To understand about psychological disorders, we must first know what a psychological disorder is. A psychological disorder or more commonly known as a mental disorder is defined as the behavioural symptoms of an individual which are considered maladaptive and hamper the day-to-day functioning of the concerned individual’s life. According to DSM-5, the latest edition of the American Psychiatric Association's diagnostic manual, personal distress alone is not sufficient for a disorder to be psychological; it should also be coupled with causing damage to multiple spheres of life such as social, personal and/or professional.
Psychological disorders such as - clinical depression, anxiety disorder, bipolar disorder and dementia – are not caused by one single factor alone. They are a complex mix of both genetic factors and environmental dynamics. The causes that lead to the inception of a mental disorder are called risk factors and are highly case specific – they depend from person-to-person and cannot be generalised per se. However the following list of risk factors has been identified which lead to the development of psychological disorders.
Just as it is difficult to pinpoint particular causes that lead to the advancement of psychological disorders, it is equally problematic to isolate symptoms for a said mental disorder on a generic basis as symptoms may vary from person-to-person and from the nature of the said disorder. However the following list of symptoms has been compiled to recognise the symptoms of any given psychological disorder.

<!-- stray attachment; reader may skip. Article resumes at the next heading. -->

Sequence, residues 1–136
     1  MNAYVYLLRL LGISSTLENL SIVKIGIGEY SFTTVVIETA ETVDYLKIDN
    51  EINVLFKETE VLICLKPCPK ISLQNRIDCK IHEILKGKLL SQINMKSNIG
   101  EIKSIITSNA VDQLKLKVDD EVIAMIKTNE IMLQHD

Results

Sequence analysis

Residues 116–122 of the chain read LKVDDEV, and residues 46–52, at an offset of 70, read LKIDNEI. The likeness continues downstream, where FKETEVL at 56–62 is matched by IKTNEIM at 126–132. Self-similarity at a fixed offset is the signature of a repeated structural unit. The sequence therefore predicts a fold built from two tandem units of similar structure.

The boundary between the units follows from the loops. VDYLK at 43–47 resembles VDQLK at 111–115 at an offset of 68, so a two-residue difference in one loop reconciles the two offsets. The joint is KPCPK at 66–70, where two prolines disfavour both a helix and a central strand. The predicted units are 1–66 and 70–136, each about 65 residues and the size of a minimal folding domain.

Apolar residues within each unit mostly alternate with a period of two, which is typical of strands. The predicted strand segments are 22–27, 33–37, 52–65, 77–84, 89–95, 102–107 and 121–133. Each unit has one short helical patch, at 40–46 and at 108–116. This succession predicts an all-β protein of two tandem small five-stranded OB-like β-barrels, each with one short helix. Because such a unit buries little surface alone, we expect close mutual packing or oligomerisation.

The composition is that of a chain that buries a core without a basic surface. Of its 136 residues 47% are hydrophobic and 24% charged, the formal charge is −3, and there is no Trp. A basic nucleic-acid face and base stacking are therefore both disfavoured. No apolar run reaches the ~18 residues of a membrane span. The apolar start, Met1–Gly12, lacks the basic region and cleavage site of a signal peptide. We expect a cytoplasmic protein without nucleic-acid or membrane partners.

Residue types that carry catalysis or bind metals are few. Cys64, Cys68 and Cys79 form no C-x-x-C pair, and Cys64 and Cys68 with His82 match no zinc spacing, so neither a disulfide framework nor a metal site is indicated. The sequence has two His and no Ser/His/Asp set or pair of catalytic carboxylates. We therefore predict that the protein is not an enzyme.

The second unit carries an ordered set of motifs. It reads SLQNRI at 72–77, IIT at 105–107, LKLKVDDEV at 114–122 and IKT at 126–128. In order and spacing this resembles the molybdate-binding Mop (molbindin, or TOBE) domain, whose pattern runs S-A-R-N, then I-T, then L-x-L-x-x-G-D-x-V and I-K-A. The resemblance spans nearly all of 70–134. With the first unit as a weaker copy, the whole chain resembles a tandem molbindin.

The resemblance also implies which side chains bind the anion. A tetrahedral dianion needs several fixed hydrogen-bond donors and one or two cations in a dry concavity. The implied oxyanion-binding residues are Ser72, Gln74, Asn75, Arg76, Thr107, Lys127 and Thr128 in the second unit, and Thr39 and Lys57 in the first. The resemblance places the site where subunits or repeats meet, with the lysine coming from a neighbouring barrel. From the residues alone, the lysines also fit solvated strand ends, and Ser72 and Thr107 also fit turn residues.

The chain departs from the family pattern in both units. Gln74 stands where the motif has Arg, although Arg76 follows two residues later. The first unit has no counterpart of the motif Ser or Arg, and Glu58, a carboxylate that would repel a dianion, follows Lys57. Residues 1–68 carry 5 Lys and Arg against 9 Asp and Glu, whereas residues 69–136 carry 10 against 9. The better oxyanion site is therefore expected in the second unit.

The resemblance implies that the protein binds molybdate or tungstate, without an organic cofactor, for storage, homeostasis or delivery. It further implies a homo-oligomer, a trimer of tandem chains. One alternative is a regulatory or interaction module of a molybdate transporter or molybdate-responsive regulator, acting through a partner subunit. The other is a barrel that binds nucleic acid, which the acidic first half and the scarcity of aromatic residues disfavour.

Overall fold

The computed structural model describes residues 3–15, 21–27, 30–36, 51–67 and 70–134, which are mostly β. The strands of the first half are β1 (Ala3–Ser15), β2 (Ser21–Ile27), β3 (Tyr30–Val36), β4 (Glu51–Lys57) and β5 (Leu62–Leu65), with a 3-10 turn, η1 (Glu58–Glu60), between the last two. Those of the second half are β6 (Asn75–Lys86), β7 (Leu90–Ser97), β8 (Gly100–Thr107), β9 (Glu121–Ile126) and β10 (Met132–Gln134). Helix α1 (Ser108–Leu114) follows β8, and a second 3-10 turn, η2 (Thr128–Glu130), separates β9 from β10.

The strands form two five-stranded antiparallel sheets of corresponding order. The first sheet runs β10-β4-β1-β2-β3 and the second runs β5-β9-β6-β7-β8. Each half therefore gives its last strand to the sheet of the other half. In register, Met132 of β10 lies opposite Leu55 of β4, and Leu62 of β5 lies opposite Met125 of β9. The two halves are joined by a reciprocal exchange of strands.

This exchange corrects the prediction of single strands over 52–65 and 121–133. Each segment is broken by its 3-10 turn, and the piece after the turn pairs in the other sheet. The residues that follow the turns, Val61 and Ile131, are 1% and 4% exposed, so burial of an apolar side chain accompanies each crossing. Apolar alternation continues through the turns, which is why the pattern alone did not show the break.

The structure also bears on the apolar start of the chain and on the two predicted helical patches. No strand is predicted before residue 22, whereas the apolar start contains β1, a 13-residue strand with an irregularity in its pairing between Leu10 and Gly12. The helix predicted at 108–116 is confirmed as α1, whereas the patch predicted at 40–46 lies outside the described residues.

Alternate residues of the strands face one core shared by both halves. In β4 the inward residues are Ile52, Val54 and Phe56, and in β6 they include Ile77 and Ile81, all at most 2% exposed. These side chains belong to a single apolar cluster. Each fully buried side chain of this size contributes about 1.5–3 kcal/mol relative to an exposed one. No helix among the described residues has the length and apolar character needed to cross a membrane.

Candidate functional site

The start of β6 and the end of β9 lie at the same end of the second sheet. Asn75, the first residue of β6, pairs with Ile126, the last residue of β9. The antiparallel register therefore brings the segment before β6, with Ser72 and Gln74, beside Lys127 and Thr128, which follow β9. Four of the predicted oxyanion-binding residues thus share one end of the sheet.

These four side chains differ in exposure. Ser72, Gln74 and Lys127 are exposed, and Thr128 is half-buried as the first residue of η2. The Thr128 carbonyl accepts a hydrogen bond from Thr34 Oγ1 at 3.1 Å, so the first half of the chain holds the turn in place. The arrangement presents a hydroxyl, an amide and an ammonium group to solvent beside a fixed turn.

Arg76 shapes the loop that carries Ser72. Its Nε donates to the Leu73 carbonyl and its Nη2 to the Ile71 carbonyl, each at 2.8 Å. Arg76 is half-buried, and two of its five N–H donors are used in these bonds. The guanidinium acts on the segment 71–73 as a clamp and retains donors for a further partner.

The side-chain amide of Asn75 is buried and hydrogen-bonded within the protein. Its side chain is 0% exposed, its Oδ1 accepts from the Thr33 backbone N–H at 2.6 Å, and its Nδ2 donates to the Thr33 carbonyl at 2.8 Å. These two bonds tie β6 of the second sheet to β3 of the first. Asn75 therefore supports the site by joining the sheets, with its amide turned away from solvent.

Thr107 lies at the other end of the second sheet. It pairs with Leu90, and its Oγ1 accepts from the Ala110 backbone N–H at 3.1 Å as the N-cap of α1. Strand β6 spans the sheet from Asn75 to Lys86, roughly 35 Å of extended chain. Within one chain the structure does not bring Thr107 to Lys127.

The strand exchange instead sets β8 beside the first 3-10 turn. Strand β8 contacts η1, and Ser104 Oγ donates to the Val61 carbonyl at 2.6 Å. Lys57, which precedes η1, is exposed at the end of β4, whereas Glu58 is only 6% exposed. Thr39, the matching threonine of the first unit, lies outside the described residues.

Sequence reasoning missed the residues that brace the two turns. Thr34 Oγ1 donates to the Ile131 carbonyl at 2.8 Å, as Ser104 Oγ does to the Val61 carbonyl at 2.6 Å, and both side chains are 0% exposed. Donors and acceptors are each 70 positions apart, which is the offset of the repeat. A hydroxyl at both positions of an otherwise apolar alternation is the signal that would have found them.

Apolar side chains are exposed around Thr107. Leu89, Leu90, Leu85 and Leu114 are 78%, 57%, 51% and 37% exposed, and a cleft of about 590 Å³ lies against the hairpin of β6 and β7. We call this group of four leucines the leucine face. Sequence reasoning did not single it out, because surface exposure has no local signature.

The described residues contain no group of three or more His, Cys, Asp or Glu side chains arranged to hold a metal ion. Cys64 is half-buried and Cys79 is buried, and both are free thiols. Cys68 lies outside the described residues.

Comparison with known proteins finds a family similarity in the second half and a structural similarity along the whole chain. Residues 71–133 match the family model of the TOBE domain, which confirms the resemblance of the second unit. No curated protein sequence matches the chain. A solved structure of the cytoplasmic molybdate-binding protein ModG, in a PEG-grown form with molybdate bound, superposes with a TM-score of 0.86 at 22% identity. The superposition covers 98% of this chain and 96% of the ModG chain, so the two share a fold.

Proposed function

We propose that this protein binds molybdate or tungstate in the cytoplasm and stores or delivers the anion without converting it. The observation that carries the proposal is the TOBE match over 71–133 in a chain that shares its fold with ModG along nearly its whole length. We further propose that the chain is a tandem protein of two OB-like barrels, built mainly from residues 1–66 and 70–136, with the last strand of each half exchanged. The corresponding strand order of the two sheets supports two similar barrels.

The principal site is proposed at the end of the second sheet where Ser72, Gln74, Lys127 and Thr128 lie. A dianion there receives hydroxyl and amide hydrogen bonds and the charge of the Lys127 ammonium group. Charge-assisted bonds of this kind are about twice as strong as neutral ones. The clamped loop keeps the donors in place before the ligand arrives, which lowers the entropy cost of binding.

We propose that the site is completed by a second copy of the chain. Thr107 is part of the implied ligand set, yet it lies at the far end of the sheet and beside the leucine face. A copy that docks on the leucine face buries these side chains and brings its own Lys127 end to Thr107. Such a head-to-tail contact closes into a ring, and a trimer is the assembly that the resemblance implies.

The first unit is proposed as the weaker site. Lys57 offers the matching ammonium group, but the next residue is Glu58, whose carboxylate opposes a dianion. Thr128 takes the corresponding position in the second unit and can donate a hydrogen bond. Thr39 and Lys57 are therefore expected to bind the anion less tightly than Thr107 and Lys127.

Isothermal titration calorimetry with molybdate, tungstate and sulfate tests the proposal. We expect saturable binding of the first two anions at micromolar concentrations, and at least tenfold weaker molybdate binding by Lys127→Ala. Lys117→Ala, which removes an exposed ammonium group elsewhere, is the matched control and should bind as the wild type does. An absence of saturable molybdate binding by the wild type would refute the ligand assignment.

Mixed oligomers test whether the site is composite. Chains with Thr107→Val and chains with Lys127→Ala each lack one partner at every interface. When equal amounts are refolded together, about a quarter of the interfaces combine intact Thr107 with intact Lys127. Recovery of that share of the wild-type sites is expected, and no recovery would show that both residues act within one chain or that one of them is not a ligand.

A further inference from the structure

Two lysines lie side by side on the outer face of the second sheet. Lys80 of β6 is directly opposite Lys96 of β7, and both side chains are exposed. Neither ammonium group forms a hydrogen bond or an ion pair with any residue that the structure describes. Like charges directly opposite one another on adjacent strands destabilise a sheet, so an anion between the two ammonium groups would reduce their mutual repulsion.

Some medical experts advocate that use of medication such as anti-depressants which are essentially bio-chemical in nature. While some argue that psychotherapy alone should suffice. However there is emerging growing consensus that the use of both kinds of treatments can effectively deal with the problem of psychological disorders.
Preventing mental disorders early in life can prove to be highly beneficial not just to the individual but also to the community. Boosting your self-esteem and controlling your stress can go a long way in helping you. Paying close attention to warning signs by contacting your therapist, friends or family in case you notice your behaviour changing can be of immense help. Taking proper care of yourself –sleeping well, intake of proper nutrition, maintaining personal relationships and engaging in regular physical activities has been shown to prevent disorders as well.
Withdrawal symptoms caused by the treatment are case-specific dependent upon the nature of the mental disorder and the characteristics of the individual. However withdrawal symptoms are mainly seen when the disorder is treated with medication as medicinal drugs artificially increase levels of dopamine and serotonin. As a result, it can be extremely difficult for the individual when the brain has to naturally produce appropriate levels of these neurotransmitters. This is the main reason why psychotherapy is seen as a long-term solution since the withdrawal symptoms related to it are little. When it comes to mental disorders and withdrawal symptoms, medical experts believe that clinging onto the hope that things will become better is essential and a game-changer. After-all, it’s all psychological.